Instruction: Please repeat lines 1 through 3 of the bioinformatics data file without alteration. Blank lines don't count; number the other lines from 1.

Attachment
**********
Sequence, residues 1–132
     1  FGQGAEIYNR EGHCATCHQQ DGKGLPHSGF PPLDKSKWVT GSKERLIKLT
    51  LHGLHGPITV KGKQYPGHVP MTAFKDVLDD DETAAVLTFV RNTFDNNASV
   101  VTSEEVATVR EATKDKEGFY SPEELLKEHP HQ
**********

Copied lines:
Sequence, residues 1–132
     1  FGQGAEIYNR EGHCATCHQQ DGKGLPHSGF PPLDKSKWVT GSKERLIKLT
    51  LHGLHGPITV KGKQYPGHVP MTAFKDVLDD DETAAVLTFV RNTFDNNASV